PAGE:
Menlo's Phase 2 skin data disappoints, shares plummet
- Menlo Therapeutics Inc. disclosed the failure of a Phase 2 clinical study of its experimental drug serlopitant for the treatment of pruritus in adults and adolescents with a history of atopic dermatitis, sending shares down more than 75% on April 9.
- The drug not only missed statistical significance on its primary endpoint, but also its secondary objectives — a result at odds with reduced pruritis seen in two prior Phase 2 studies.
- Safety results showed a greater percentage of patients in the high dose arm of serlopitant actually saw increased atopic dermatitis compared to those in the placebo cohort. A higher percent of patients given the low dose of the drug, meanwhile, experienced worsened pruritus versus the rate seen in the placebo group.
Despite two prior mid-stage successes, Menlo's candidate failed to separate from placebo in reducing itch as measured by an average weekly worst-itch numeric rating scale. While the company was quick to point to a numerically greater reduction in itch scores for patients on the drug, the clinical miss sent shares spiraling downward.
In fact, rather than relieve itch caused by atopic dermatitis — the most common type of eczema — treatment with the drug actually led to greater pruritus in 5.6% of patients given the lower dose (versus 5.1% in the placebo arm and 1.9% on the high dose).
Menlo CEO Steve Basta acknowledged the results were disappointing but stressed other studies of the drug in an effort to retain confidence in the candidate's clinical potential.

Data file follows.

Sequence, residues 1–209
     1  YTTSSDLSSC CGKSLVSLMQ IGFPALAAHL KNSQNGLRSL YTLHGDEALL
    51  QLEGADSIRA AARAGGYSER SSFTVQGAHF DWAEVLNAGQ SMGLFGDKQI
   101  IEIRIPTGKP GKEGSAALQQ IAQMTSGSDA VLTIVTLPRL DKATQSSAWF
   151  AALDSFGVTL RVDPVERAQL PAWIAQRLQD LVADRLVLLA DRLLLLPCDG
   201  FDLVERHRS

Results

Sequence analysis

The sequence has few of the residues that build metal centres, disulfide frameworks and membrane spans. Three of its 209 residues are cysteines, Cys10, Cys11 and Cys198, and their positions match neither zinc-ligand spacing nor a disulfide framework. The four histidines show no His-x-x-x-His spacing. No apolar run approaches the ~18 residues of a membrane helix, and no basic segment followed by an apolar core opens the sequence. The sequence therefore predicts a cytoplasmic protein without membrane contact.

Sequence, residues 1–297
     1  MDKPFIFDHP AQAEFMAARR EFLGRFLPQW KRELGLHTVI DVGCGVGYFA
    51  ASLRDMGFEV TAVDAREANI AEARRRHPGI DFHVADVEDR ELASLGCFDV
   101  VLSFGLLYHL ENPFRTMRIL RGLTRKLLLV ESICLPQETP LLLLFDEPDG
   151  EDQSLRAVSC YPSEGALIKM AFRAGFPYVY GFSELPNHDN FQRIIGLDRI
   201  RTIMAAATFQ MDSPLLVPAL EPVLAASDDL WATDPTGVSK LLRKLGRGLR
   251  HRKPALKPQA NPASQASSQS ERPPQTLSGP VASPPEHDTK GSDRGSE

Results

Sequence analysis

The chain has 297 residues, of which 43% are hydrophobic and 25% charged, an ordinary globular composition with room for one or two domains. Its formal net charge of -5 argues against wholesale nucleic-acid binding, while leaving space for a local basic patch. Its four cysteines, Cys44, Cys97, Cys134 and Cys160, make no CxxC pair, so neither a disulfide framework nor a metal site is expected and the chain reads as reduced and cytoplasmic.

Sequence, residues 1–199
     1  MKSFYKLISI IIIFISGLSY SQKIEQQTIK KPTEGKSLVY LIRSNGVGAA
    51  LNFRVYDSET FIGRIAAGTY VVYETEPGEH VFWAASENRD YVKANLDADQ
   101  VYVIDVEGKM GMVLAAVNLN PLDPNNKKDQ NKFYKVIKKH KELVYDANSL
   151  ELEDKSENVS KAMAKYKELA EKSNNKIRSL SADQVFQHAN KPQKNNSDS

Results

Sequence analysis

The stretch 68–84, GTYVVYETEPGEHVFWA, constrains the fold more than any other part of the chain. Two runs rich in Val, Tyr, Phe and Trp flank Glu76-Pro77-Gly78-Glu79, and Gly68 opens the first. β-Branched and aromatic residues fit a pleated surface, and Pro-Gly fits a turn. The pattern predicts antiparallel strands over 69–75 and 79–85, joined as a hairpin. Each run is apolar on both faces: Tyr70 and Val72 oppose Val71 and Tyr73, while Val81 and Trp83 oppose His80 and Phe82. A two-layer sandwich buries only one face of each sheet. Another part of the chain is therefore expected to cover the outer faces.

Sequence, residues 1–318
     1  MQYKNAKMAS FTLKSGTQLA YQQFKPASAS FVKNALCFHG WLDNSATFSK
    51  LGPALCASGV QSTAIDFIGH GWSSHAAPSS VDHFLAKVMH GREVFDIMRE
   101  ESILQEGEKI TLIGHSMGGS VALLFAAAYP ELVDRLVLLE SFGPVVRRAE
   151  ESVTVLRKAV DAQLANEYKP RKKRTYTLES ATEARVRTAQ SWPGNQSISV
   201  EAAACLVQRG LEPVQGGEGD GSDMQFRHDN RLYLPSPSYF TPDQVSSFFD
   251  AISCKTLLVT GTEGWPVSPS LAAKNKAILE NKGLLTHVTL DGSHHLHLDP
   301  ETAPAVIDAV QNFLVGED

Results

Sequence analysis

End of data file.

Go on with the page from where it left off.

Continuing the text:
As a result of the setback, Jeffries investor David Steinberg advised a downgrade from buy to hold of the company's shares. Steinberg also said it was "unlikely" management would continue with the AD indication. Menlo only went public in January.
For the drug's other proposed indications, including pruritus as a result of plaque psoriasis and to treat refractory chronic cough, Steinberg appeared a bit more optimistic while noting the programs' greater risk. Readouts for these indications are due in late 2018 or early 2019 and the fourth quarter of 2018, respectively.
While results from previous Phase 2 trials were indeed generally positive, there were a total of four patients who reported experiencing worsening pruritus in the treatment arms (two in the 0.25 mg group and two in the 1 mg group) compared with one patient reporting pruritus in the placebo arm.
Curiously, in that earlier trial for pruritis, a number of patients in the serlopitant treatment groups at a single trial site had no detectable levels of serlopitant in their blood samples — something the researchers called "a pharmacokinetic anomaly." But the researchers added this anomaly had no effect on the significance or outcome of those studies.
Serlopitant is an neurokinin-1 receptor antagonist originally developed to treat overactive bladder. It is thought that antagonism of this pathway can reduce chronic and intractable itch. For patients refractory to antihistamines and corticosteroids, the pathway may present a promising option. Binding of NK1-R has been shown to be a mediator of sensory nerve signaling, including the itch-scratch reflex, the cough reflex and the vomiting reflex.
- Menlo Therapeutics Inc. Press release